What Exactly is a Bug-Out Bag?

If you’re new to prepping, you have doubtlessly seen bugging-out and the corresponding piece of luggage that all preppers love, the bug-out bag, mentioned all over the place in self-sufficiency and prepper circles.

green molle bug out bag with first aid kit, knife, multi-tool, and fishing kit, next to it
green molle bug out bag with first aid kit, knife, multi-tool, and fishing kit, next to it

I know for a fact you have seen it all over this very site; I have contributed plenty on the topic!

But everyone started somewhere, and since you are new to prepping you might not know what a bug-out bag is. That’s an easy fix, and we are going to take care of that in today’s short and sweet article.

So What Exactly Is A Bug Out Bag?

A bug-out bag is a portable kit consisting of a backpack loaded with supplies and equipment for the express purpose of life support if one ever needs to evacuate from their home or shelter to escape imminent danger.

A BOB’s other salient features like material, frame style or lack thereof, coloration, and other features are subjects of constant debate among prepping advocates and in fact, are mostly dependent on an individual’s objectives and preferences.

The final determination of what is or is not a bug out bag remains that is kept packed and on standby in the case of a Shit-Hit-The-Fan emergency.

The Two Types of Bug Out Bags

There are two “types” of BOBs, each with its own set of gear: urban bug-out bags and rural bug-out bags.

Preppers in rural or urban settings have different needs, different survival goals, and different types of disasters they are likely to face. The two biggest differentiating factors between urban and rural scenarios include:

  • population count
  • the distances one might have to travel

Bug Out Bag Essentials

A BOB is just a backpack if you don’t have it stuffed with the things you need to stay alive in an unforgiving and potentially hostile wilderness environment.

Discussing BOB loads for different needs is a school of prepper philosophy in itself, and one that I and other authors have written about in great detail right here on Survival Sullivan. Be sure and check out our other articles when you are done with this one.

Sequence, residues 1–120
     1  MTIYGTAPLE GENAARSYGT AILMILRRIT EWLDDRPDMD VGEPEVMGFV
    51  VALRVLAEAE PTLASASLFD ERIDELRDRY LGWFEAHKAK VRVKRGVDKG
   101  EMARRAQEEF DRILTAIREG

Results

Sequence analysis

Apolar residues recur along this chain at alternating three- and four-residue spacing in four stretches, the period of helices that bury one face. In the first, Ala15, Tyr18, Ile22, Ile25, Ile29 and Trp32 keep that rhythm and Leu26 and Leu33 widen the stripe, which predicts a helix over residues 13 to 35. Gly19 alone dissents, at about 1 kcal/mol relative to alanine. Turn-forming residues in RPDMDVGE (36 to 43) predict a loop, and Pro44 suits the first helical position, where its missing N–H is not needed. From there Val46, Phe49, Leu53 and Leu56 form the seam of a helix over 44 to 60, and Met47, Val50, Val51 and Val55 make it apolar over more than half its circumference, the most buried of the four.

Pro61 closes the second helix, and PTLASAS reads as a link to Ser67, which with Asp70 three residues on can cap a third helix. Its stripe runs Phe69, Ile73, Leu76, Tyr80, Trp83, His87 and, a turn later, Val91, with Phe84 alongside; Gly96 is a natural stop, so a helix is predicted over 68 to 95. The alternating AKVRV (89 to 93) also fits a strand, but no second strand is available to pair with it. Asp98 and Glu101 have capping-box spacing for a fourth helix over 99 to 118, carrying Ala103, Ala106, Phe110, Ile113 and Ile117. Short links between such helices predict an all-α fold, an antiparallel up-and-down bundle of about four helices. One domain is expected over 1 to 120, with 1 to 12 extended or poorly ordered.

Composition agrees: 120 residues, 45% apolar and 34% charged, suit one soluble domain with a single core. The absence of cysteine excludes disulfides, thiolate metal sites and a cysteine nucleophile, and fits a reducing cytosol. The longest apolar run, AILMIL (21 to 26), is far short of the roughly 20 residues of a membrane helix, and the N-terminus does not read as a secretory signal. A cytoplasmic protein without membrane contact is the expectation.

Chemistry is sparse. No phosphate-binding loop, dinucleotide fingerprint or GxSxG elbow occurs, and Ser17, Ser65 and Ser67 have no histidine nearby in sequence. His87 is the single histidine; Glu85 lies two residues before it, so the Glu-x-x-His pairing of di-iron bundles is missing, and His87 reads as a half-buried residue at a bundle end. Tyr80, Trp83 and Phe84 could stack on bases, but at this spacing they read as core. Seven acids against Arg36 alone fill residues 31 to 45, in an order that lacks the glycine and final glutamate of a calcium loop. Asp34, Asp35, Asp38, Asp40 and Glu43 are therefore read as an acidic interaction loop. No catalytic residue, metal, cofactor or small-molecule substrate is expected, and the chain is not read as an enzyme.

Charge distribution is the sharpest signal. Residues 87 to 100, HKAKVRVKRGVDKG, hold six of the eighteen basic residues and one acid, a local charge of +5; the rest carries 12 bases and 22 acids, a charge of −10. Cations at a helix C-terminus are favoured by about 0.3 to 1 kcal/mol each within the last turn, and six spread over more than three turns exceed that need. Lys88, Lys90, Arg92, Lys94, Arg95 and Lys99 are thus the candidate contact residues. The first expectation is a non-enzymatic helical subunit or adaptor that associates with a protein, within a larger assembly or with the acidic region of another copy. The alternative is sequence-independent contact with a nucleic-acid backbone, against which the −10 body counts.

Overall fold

To get you started, below is a quick down-and-dirty list of the things should be in most BOBs most of the time. Remember, there’s no one-for-all BOB; each one is tailored and tuned to the user’s plans, needs, and goals.


  • Tent or Tarp
  • Blanket
  • Reflector blanker
  • Sleeping pad
  • Spare Clothing suitable for the climate

Exposure is one of the surest and swiftest killers that preppers will have to face, and unless you live in one of only a few ideal climate zones, you’ll need to be ready for it with the things you need to stay warm or cool accordingly.

This includes items like clothing and proper shelter and bedding gear like tents, tarps, blankets, and potentially sleeping bags.

Food and Water

  • Food
  • Utensils
  • Snacks
  • Water
  • Water vessel
  • Water filter and sterilization gear
  • Beverages
Mountain House freeze-dried meals
A few freeze-dried meals from Mountain House: granola with milk and blueberries, and hot apple cobbler. Freeze-dried food is excellent for bug-out bags because it’s lightweight.

You’ll be burning up calories like a furnace when bugging out, and even if you have ample stores of fat- ahem, solid fuel- around your middle, you will still want stable, long-lasting, and easy-to-prepare meals and snacks for quick calorie intake and ready energy.